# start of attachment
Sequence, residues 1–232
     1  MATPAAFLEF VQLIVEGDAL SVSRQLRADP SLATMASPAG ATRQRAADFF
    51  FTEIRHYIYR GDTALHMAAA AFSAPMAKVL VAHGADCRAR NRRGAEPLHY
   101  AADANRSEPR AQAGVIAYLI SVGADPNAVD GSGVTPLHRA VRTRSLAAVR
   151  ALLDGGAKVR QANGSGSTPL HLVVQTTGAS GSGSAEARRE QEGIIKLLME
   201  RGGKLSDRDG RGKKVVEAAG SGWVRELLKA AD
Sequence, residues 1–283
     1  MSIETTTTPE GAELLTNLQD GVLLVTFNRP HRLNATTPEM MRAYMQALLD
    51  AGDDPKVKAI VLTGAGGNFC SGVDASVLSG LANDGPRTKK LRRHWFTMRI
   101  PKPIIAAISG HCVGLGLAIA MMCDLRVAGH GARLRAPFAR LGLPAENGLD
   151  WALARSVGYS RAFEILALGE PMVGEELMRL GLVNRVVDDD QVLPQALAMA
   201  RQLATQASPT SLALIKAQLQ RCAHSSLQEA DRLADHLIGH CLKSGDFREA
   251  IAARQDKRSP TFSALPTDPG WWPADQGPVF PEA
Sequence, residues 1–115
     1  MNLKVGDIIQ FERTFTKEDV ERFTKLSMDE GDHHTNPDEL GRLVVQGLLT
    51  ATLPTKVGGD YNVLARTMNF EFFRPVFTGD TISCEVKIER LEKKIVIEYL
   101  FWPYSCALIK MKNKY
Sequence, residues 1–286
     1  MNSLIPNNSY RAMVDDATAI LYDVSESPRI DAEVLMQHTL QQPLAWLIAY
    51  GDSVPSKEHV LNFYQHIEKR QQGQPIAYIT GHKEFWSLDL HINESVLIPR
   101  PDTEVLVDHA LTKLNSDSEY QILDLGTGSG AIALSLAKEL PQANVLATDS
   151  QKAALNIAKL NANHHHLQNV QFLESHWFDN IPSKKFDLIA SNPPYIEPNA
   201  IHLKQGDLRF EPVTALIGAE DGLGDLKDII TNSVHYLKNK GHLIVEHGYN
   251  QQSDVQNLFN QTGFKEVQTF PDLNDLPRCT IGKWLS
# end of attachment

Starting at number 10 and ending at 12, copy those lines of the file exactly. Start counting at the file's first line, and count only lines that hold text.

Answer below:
   101  PKPIIAAISG HCVGLGLAIA MMCDLRVAGH GARLRAPFAR LGLPAENGLD
   151  WALARSVGYS RAFEILALGE PMVGEELMRL GLVNRVVDDD QVLPQALAMA
   201  RQLATQASPT SLALIKAQLQ RCAHSSLQEA DRLADHLIGH CLKSGDFREA